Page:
'Are the luckiest people in the world' (Barbra Streisand and others).
The photograph is relevant, because it started my deep involvement with people. My father converted his boyhood passion for birds into a business after the war. The exotic specimens were kept in a warm bird-room in the converted loft of our bungalow. The garden was his 'shop window'.
I did a lot of the garden from age 10 or so, and in particular I did the gardens within the aviaries, usually with a bird on my shoulder to encourage me. He also made me, no argument, deal with the customers from an early age – a favourite being Gavin Maxwell ('Ring of Bright Water'). It was his sports car, really, starting another passion with me.
Another was a Captain Clarence – very rich, I think, and an artist – he gave me a pen and ink sketch as a wedding present – when he wrote to my father he always added a sketch for me at the top of the letter – how I wish I'd kept them.
I think they felt sorry for me, Daddy being a noted eccentric and hard task-master – they treated me like a grown up, whilst tipping me for catching birds for them (or showing off the ones I had tamed).
There were many times when I was scared stiff – especially when relationships were difficult. I've just had a 'down in the dumps' lunch party – real reviver, invited and uninvited crowding into my shop. One of the stallholders is 70 today, so he had an extra boost. His wife is part real gypsy, and, I think, illiterate, with a handicapped son – I get a huge lift when she is at home with the mixture 'chez moi'. At a big party a guest said 'You know how to receive'. Very puzzling, never trained, or 'finished', so I presume the hard school with my father paid dividends.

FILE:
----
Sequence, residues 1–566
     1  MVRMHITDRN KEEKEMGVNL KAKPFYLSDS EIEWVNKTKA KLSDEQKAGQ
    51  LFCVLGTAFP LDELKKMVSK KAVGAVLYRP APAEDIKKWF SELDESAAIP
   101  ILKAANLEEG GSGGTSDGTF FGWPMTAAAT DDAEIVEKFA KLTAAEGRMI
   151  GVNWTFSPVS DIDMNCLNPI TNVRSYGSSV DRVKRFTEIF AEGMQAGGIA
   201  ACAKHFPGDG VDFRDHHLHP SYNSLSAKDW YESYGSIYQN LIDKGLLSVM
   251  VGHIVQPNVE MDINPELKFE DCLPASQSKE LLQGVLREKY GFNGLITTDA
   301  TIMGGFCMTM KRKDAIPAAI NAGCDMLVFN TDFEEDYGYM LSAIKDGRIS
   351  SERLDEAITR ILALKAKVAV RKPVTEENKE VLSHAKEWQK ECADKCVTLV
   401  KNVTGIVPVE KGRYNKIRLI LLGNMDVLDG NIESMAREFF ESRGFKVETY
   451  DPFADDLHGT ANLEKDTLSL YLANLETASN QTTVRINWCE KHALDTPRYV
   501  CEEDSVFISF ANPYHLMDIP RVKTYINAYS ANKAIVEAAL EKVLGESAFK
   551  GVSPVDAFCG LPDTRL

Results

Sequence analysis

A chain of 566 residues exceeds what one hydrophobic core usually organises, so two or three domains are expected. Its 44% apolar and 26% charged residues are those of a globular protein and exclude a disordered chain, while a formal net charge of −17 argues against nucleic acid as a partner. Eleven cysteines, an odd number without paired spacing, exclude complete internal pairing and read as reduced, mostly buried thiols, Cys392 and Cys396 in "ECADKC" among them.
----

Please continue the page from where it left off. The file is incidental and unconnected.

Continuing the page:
Reading Moodscope, and knowing so many lonely people, I think modern life has a lot to answer for (not Grumpy Old Woman, or wearing rose-coloured glasses). The village community, the local bus, social evenings, even 'borrowing a cup of sugar' brought you into contact with people. You CAN still find the French 'Quartier' even in Paris.
The last few days, as my situation worsened, if somebody asked me how I was, I let fly with a good moan. Really rather ashamed, people don't really want to know how you are. I'd had a lovely visit from son and grand-son, always a bit 'triste' because we all live so far from each other. But how we talked! They went into town and talked, down to the care home and talked – luckily we all have good French.
I am surrounded by disrupted families, ALL the teenagers are sulky (teens not easy for anybody) but they have ALL been uprooted, friends, schools, clubs. It's not a town for young people, will they spend their lives glued to a screen? Or will they find they need people?
A Moodscope member.
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